An F-2 spouse or F-2 child may enroll in less than full time in any course of at an SEVP-certified school even if it leads to a completion of a degree program. An F-2 spouse desiring to engage in full-time study must apply for and obtain a change of non-immigrant classification to F-1 or J-1 status. Most importantly, F-2 spouses and children who wish to study for a degree at a U.S. college must change their status to F-1 before attending any classes. They may wish to apply for an F-1 visa at a U.S. Consulate outside the U.S, or change of status may be done while staying in the U.S. Students whose dependent wish to change their status should always seek guidance from the OISS office.

A J-2 dependent may study full time in the U.S. Unlike the student with an F-1 visa; students with a J-2 visa may study part-time or full-time. Students whose spouses wish to change their status should seek guidance from the OISS office.

Work/Employment

F-2 dependents may not be employed in the US.

J-2 dependents may be employed in the US. In order to work in the US, J-2 dependents must apply for work authorization through the United States Citizenship and Immigration Services (USCIS).

Volunteering

F-2 dependents may participate in volunteer activities.

J-2 dependents may participate in volunteer activities.

Addresses

All non-US citizens, including F-2 and J-2 dependents are required to keep their current US residential address up-to-date with the US federal government. To do this, please complete the form AR-11 within 10 days of establishing a new US residential address.

When Does F-2 or J-2 Status End?

F-2 and J-2 dependents are eligible to remain in the US as long as the F-1 or J-1 student remains in valid status. Once an F-1 has completed the program of study, the F-1 and F-2 dependents are eligible to stay in the US for up to 60 days. Once a J-1 has completed the program of study, the J-1 and J-2 dependents are eligible to stay in the US for up to 30 days.

Note the following situations where F-2 or J-2 status ends even if the F-1 or J-1 remains in valid status:

If F-1/F-2 spouses or J-1/J-2 spouses obtain a divorce, the F-2 or J-2 is no longer the dependent of the F-1 or J-1. The F-2 or J-2 cannot remain in the US on a dependent visa. The F-2 or J-2 should depart the US or, if eligible, apply for an alternate visa status prior to the finalization of the divorce.

If an F-2 or J-2 child marries or reaches the age of 21, s/he is no longer the dependent of the F-1 or J-1 parent. The F-2 or J-2 child cannot remain in the US on a dependent visa. The F-2 or J-2 should depart the US or, if eligible, apply for an alternate visa status in a timely manner.  Process of change of status generally is time consuming and need to be done ahead of the child’s 21st birthday.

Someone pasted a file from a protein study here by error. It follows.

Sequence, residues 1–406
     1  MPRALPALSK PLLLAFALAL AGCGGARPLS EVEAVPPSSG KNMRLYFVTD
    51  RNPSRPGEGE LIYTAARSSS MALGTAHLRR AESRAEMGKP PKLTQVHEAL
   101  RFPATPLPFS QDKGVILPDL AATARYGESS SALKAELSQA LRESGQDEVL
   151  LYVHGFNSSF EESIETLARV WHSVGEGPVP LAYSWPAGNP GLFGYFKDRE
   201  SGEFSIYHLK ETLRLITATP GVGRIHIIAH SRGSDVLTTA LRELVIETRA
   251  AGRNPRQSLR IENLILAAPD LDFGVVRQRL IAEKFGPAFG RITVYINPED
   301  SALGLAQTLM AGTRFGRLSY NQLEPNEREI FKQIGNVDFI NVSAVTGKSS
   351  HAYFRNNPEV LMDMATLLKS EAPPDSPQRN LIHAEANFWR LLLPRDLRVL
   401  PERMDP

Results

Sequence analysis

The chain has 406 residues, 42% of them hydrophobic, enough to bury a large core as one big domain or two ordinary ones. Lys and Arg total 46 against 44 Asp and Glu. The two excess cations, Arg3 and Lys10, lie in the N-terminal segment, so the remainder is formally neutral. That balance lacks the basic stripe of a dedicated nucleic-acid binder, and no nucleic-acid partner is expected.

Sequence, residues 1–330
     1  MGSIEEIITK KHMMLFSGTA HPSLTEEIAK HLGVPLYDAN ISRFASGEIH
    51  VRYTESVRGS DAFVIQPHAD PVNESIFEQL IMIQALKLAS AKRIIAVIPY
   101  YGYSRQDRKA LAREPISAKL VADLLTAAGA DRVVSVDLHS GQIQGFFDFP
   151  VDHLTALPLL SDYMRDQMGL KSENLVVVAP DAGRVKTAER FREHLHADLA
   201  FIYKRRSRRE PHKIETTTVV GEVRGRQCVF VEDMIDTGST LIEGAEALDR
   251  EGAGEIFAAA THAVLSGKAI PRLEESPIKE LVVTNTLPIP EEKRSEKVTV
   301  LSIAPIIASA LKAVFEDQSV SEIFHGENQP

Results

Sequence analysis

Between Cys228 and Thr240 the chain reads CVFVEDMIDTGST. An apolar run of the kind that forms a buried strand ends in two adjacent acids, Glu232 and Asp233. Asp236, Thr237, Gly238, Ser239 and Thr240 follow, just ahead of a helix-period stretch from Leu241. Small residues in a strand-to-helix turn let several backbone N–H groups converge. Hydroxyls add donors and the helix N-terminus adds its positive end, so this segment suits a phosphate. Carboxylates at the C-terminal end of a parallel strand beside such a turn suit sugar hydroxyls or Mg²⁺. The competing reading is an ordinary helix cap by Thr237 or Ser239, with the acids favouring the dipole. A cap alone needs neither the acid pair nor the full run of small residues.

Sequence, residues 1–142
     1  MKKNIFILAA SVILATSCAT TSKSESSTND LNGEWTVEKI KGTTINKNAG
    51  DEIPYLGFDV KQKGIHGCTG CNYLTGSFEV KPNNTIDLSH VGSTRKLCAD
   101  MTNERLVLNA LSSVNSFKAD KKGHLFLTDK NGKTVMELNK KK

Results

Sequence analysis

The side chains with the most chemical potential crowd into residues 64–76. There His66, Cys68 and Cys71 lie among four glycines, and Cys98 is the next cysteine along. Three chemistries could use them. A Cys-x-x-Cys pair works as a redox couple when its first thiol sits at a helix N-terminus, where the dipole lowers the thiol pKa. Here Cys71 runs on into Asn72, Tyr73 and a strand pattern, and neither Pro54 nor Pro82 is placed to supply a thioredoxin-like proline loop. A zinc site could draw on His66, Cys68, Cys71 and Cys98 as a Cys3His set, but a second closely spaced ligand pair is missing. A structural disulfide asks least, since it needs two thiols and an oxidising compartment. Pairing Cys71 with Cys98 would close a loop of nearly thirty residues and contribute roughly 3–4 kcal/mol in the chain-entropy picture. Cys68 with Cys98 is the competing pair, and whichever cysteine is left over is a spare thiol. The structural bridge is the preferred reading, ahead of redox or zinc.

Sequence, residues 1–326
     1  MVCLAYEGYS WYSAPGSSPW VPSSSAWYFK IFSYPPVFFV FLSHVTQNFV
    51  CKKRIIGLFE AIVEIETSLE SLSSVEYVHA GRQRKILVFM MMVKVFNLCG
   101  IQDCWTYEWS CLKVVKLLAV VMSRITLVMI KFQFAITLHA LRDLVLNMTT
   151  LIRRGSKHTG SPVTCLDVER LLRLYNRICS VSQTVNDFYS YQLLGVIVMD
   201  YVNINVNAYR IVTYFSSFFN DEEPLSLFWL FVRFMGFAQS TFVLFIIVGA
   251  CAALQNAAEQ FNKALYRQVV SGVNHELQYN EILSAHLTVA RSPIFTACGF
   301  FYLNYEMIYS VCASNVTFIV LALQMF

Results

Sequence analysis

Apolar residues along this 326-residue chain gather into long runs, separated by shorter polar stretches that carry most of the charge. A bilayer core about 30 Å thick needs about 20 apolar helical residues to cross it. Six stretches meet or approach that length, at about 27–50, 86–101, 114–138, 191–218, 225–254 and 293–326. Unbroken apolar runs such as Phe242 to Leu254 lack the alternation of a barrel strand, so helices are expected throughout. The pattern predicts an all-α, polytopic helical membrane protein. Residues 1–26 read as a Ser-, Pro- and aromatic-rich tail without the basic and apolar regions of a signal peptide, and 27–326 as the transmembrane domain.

Adapting to life in the U.S.

Prepare your spouse and children for life in the U.S. by sharing the information that you know about the U.S. Help your family to adjust their expectations and to keep open minds when they experience cultural differences.

If English is not your family’s first language, prepare your spouse and children by ensuring that they begin learning some English prior to moving to the U.S. Then make arrangements for more English training after they arrive in the U.S.

Discuss issues of loneliness and other symptoms of culture shock with your family prior to and after arriving in the U.S.

Help your family develop coping strategies. Even before you leave home, try consulting with others who have studied overseas or lived abroad. This may be helpful in preparing for the initial stress of relocating. Ask your friends and colleagues about their experiences and ways they resolved initial difficulties.

Support your spouse’s interests and activities in the U.S.

Help your children by acknowledging their negative feelings about the move, help them maintain their friendships and relationships with family in both countries, and give them something to look forward to during the move (a new privilege, possession or activity). Be aware that schools at home may have focused differently on educational topics and there may be gaps in your children’s education. You can help by providing supplemental teaching for your children at home, hiring a tutor, or securing extra books or software.

Remember that family members will need your time and attention, and you will need to find a way to balance those needs with your studies

Last updated: 09/09/2016